Thursday, January 8, 2015

Wi-Fi revisited with the ESP8266 chip

The new ESP8266 chip has created quite a buzz in the recent months, and I have decided to give it a try for Wi-Fi communications between my instruments and a Nexus tablet. The ESP8266 is a 3 $ chip that can be programmed as a Wi-Fi access point (AP) as well as as client for a router (STA) at the same time if required. It can even host a small Web server. An SDK (Software Development Kit) is available to configure the microprocessor to specific needs.

In my case, I use it as UDP server to send the serial output generated by my system. The UDP packets are sent at the 10 Hz rate, and contain a payload of 76 bytes (mostly measured and calculated values in floating-point format). The payload contents are described here. And how the calculations are made is described here.

The Nexus tablet is programmed as a UDP client, connected to the ESP8266 AP network visible to any Wi-Fi device. When the tablet software sends a ‘START’ message to the ESP8266, it is bombarded back by the 10 Hz packets until it sends a ‘STOP’ message. These data are used to refresh the displays in real-time on the tablet. Many different custom displays can be swapped around. Any resemblance to recent professional first-class displays is not coincidental: the Android graphics capabilities are impressive.

Here is the prototype arrangement used. The ESP8266 is a 3.3V device, and a logic level converter is used on the 5 V serial signal from the system.

For development with the SDK and programming, I used this Eclipse-based tool-chain, on a Win7 64-bit machine: Espressif DevKit for Windows.


  1. Your posts are inspirational and very useful, thank you! I am building a small yacht and have decided to do as much of the electronics as I can myself. Apart from the cost savings, I will need to learn a great many new things to get this right, I have no real knowledge of electronics, micro processors and the last time I programmed anything I was in varsity and using fortran! Still, I am figuring a lot out as I go, but I need a point in the right directing with respect to your graphics on your displays. How do you do the graphics on computer and in android?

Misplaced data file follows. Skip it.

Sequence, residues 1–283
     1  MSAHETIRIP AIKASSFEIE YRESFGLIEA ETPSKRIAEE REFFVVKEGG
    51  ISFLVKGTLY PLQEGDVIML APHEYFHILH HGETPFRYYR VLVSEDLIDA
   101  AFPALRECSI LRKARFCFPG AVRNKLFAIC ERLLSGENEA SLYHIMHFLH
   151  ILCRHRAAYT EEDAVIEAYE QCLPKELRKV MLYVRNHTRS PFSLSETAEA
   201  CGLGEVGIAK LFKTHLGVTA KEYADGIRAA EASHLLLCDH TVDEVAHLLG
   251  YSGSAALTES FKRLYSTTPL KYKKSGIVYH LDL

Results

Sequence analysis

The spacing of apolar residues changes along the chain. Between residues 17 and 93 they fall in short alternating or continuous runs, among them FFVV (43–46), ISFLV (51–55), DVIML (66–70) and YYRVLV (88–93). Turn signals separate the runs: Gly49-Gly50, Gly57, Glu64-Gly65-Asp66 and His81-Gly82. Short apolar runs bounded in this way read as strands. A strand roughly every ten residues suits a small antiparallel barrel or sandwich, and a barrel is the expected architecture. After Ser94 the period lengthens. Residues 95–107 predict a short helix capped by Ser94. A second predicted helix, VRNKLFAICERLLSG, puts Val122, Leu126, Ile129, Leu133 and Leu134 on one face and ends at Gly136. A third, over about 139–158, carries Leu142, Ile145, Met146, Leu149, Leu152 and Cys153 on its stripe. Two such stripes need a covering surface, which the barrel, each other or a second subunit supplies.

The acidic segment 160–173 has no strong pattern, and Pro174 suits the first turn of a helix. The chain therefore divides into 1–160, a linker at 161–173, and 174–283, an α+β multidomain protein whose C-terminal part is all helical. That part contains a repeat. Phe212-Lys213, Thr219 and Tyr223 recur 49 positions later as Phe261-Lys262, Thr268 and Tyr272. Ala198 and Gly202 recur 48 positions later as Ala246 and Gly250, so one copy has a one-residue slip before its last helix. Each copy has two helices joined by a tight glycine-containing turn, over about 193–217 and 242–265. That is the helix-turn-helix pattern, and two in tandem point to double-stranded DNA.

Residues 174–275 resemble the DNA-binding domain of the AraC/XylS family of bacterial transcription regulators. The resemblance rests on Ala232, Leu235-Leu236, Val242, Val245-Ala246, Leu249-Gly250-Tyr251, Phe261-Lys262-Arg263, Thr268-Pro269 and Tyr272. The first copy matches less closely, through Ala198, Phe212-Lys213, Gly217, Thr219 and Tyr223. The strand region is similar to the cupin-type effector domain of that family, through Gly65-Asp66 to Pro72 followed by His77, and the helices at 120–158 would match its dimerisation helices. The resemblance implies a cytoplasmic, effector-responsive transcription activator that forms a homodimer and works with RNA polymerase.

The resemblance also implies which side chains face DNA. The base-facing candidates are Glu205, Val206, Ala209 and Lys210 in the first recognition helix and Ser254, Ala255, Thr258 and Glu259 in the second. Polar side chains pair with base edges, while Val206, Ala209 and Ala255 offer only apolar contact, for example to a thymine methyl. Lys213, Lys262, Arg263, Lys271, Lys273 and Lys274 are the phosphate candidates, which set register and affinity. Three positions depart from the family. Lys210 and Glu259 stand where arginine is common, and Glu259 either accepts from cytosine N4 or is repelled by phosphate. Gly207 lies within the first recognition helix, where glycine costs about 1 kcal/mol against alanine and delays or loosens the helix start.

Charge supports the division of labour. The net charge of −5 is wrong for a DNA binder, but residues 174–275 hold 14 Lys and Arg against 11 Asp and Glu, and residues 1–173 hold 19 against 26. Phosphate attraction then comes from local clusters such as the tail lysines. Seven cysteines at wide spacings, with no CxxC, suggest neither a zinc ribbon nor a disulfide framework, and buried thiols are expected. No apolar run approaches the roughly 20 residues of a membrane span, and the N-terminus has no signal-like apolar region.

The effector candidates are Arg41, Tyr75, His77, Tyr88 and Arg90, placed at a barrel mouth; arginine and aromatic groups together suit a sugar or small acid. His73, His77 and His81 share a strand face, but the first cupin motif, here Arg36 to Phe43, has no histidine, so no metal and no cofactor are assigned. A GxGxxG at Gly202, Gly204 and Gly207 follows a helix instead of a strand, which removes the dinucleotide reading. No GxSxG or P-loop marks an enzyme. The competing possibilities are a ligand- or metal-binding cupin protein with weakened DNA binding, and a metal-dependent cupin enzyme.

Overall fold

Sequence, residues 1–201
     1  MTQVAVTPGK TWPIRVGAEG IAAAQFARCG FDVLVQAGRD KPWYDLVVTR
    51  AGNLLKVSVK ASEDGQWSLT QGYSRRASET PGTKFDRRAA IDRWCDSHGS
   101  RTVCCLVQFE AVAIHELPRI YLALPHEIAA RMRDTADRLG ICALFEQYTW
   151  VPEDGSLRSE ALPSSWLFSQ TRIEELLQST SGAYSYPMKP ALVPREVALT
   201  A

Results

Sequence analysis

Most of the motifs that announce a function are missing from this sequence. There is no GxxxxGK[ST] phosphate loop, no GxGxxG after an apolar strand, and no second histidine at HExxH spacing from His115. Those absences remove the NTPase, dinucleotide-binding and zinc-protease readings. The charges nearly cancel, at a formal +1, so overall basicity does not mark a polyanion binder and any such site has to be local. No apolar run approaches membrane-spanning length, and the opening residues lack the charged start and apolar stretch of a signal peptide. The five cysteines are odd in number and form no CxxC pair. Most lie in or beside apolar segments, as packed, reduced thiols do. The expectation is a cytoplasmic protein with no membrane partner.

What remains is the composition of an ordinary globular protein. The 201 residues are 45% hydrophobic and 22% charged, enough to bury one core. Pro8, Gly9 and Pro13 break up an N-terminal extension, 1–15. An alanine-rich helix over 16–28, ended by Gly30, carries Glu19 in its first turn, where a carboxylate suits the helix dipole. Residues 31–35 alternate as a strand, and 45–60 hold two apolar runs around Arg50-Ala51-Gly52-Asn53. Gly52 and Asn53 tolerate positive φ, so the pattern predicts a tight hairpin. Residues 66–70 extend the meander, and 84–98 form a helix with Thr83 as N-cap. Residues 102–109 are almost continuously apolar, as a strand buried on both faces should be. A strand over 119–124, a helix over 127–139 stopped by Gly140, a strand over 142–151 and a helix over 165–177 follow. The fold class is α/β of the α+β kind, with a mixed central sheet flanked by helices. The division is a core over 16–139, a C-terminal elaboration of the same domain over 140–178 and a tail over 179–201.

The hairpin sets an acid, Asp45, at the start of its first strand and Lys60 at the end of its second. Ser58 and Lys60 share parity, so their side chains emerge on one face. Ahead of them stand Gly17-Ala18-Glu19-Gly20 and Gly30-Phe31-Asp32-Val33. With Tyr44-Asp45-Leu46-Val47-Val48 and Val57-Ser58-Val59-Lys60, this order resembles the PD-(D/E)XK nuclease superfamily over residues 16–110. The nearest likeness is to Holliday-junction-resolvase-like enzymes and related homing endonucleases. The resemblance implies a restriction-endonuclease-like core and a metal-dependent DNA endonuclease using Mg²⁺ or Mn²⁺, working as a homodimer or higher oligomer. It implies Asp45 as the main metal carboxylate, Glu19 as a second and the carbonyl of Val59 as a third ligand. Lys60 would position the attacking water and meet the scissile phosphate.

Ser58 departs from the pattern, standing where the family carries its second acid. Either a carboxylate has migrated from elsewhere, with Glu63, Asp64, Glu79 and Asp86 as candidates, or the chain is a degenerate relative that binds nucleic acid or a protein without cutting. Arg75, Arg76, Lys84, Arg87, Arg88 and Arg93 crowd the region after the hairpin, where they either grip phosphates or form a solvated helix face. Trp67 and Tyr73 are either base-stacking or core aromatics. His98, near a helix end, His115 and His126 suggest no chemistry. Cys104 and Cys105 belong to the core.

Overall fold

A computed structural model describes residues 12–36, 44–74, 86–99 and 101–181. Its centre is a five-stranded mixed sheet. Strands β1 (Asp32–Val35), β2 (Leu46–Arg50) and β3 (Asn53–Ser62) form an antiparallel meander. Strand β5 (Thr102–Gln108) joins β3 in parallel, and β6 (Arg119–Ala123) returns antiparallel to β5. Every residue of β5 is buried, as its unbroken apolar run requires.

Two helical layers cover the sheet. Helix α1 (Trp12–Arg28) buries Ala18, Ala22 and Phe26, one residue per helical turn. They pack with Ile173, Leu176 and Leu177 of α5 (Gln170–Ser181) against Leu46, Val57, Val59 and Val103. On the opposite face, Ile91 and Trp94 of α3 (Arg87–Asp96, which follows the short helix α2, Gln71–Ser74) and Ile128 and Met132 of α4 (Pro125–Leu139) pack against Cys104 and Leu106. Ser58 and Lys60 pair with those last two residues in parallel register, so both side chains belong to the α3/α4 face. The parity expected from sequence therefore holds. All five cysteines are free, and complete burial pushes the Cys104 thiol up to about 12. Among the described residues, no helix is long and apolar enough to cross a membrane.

1. Richard, for PC applications, I have used both:
      Microsoft Visual Studio 2005 (C++ with MFC classes), and Microsoft Visual C++ 2010 Express.
      For Android, I use Android Developer Tools (Java).

      In all these environments, I am using the same approach:
      - a thread is continually monitoring the serial input from the instruments, and when a complete data packet is received (10 times per second),
      the main thread is asked to refresh its graphics view through an 'invalidate' command
      - the main thread then draws in memory the next image to be displayed, using the new data, and when finished, splashes the new image on the screen, creating a movie-like experience at 10 Hz.

      For several displays, I re-use a background image to which I add the needles and numbers corresponding to the current data.

    2. Thank you. I'm going to focus on the hardware side first, but already starting to look at the options you mentioned.

  2. Hi, I've just about completed a project converting my old wind and boat speed sensors to output NMEA and then transmitting the info via a ESP8266 01.
    Can you give me more details regarding you nexus app and where or if i can download it:

    1. Hi Chris, my source code for the app is always changing and never in an acceptable form for publication. In this blog, I try to illustrate the main ideas and leave the details out for clarity. If you have a specific task in mind, let me know what you want to achieve and I may provide some useful feedback or directions.